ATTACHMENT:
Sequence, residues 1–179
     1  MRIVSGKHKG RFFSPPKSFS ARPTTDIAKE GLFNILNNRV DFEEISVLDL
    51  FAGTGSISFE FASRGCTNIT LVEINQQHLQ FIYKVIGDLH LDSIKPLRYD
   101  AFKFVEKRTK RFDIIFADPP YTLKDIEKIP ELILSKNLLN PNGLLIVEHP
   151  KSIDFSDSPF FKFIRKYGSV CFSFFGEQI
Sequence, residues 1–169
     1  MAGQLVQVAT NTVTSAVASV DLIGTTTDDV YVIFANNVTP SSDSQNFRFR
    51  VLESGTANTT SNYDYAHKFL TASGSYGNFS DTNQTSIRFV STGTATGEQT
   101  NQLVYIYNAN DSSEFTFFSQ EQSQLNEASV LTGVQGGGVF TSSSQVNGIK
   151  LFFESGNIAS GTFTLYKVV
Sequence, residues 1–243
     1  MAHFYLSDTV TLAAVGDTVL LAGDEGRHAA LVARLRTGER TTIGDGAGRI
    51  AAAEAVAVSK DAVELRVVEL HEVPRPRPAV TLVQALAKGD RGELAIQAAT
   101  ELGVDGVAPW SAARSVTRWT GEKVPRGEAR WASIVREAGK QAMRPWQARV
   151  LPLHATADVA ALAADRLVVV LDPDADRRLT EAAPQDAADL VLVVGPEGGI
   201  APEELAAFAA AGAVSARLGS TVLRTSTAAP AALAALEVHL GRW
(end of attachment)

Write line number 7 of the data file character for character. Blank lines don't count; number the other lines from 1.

     1  MAGQLVQVAT NTVTSAVASV DLIGTTTDDV YVIFANNVTP SSDSQNFRFR